Taking part in some of the baking challenges organised by other bloggers each month is quite…….a challenge !! I find myself cooking things I would otherwise never cook and using recipes that I wouldn’t normally give a second look. Another delight is seeing what other people have cooked for the same challenge, which has given me loads of ideas that I would love to try.
In the round up of last month’s entries for Tea Time Treats challenge, hosted by Kate of What Kate Baked, there was an entry for easy summer fruit tartlets from a blog called Fabulicious Food. The idea came from a recipe in the book “Nigella Express” and I thought to myself, “I think I might have that book”.
And sure enough, there it was, on the shelf, amongst all my other Nigella Lawson cookbooks, most of which are consulted fairly frequently, and I had completely forgotten about it. In fact I don’t remember buying it at all and certainly have never cooked anything from it. I feel slightly guilty about that. How can anyone have such a good cookbook in their collection and have never used it or even noticed it was there ??
Anyway, I looked at the recipe the little tartlets originated from, called “nectarine and blueberry galette” and decided to have a go. What a revelation !! This has to be the quickest and easiest fruit tart I have ever made and it was lovely. Not the most glamorous or the most elaborate, but dead easy to make and it turned out beautifully in a “rustic chic” kind of way.
I happened to have some nectarines, plums and blueberries in the house so I made it pretty much as described.
Except that, anyone who buys ready-made and ready-rolled pastry in France will know that it comes in a circle. The pastry you get in the UK comes in an oblong – or at least it does in my experience. And in fact, in the January sales I treated myself to an oblong loose-bottomed tart tin which is the exact size to fit the ready-rolled pastry you get here, and it works a treat. It was such a bargain that I nearly bought a second one to take to France but then I remembered that there was no point because the French pastry comes in circles. (I could always make my own pastry to fit the oblong tart tin but……..when in France we are on holiday after all !!)
The point of all this is that I used a pack of ready-rolled pastry that we had brought back from France and put in the freezer, so it was a circle. In any case, you don’t need a tin at all for this recipe, you just unroll the pastry onto a lined baking sheet. I even used the baking paper that the pastry came rolled up in as the liner for the baking sheet. How easy is that?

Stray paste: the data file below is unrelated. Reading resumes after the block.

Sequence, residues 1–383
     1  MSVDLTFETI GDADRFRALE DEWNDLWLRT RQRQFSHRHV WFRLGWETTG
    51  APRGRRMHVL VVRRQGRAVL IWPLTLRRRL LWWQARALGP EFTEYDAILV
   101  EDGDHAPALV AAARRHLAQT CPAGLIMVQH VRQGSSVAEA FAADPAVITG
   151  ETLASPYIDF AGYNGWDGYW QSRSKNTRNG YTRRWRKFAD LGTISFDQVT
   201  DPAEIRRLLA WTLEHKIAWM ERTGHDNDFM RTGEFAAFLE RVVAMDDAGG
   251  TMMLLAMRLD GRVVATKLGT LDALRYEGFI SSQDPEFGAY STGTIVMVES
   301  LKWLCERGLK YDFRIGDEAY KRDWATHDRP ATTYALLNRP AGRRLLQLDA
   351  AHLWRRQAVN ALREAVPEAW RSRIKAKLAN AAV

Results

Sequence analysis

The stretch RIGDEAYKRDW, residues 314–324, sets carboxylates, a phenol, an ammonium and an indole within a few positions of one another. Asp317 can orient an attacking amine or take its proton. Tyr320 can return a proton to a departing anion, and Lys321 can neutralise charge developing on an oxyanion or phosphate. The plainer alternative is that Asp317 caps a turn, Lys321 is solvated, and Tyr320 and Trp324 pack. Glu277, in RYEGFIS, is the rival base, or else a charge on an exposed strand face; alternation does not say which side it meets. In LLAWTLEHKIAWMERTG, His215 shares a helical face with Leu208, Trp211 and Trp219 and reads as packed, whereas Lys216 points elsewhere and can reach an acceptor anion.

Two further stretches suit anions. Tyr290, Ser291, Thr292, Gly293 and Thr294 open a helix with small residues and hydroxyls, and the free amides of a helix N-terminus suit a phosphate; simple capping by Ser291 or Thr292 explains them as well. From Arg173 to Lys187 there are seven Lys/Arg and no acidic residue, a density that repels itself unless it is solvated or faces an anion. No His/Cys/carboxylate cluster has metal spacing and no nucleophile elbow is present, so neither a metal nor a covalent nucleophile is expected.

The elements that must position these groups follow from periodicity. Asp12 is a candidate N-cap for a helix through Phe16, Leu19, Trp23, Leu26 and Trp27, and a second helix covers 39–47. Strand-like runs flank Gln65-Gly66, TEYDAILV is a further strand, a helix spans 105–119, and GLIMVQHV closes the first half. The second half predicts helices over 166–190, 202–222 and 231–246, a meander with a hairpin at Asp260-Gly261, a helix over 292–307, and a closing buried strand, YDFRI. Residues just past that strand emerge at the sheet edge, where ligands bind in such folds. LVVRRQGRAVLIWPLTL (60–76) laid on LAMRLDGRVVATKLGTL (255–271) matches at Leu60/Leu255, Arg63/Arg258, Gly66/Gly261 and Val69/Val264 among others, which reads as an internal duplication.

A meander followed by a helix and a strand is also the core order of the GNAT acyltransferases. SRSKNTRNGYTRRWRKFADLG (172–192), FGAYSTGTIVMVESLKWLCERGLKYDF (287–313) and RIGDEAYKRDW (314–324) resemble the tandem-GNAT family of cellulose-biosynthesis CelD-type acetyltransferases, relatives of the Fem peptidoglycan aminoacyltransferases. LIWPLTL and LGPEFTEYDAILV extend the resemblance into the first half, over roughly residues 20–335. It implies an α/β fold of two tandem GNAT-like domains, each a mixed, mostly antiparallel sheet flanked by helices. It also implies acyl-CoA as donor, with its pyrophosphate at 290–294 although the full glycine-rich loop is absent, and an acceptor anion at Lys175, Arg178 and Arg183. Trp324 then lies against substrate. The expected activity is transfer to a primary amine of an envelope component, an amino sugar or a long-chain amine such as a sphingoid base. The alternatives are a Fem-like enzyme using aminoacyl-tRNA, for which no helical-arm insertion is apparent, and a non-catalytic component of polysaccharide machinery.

You mix some apricot jam with some double cream, spread it onto the pastry, arrange fairly thin slices of fruit on top, sprinkle some sugar over and bake. I used two nectarines, three plums and a good handful of blueberries.
It was done in next to no time, the fastest tart I have ever made and it was yummy. It looked great too. The possibilities are endless I think, sliced apple and strawberry, apricots and flaked almonds……..lots of combinations spring to mind, including the little tartlets that gave me the inspiration in the first place.
I can’t believe I have never tried anything like this before !!
1 pack ready-rolled puff pastry (about 375g)
a good handful of blueberries
2 tblsp apricot jam
2 tblsp double cream
2 tsp demerara sugar
Preheat the oven to 220°C/200°fan/gas mk 7.
Unroll the pastry onto a lined baking sheet. Using the point of a sharp knife, score a circle (or oblong) about 2cm inside the edge of the pastry to form a border, being careful not to cut all the way through.
In a small bowl, mix the apricot jam and double cream together until evenly combined and spread it over the pastry within the scored circle, using the back of a spoon.
Remove the stone from the nectarines and slice each one thinly into about 16 wedges. The plums should be sliced into 6-8 wedges so that they are about the same thickness. Arrange the fruit in concentric circles on the pastry, inside the scored border, or in rows if your tart is oblong.
Scatter the blueberries over the fruit and sprinkle the sugar within the outer border. This border will rise to form a crust.
Bake for 15 minutes until the pastry is golden brown and the jammy mixture is bubbling slightly. Serve warm with cream, ice-cream, or whatever you fancy.
Cuts into 6 - 8 good slices.
Here’s a savoury version. I used two tablespoons of confiture d’echalotes (caramelised onion marmalade or chutney in the UK) mixed with two of double cream for the base and piled on smoked salmon pieces, goats cheese, tomatoes, a lightly cooked sliced leek, slices of pepper and mushrooms. I forgot to photograph it when it was cooked but it was yummy – you will have to use your imagination !!
This is one of those versatile recipes that is so useful I think.